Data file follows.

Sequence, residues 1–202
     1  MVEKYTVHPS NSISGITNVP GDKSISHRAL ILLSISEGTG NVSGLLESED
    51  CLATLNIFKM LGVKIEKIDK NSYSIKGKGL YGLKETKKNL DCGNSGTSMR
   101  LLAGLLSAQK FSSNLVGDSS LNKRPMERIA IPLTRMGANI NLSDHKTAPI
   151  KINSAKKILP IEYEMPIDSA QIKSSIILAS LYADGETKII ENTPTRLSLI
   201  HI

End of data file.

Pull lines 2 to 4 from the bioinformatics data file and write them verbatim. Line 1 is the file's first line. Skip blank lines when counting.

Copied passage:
     1  MVEKYTVHPS NSISGITNVP GDKSISHRAL ILLSISEGTG NVSGLLESED
    51  CLATLNIFKM LGVKIEKIDK NSYSIKGKGL YGLKETKKNL DCGNSGTSMR
   101  LLAGLLSAQK FSSNLVGDSS LNKRPMERIA IPLTRMGANI NLSDHKTAPI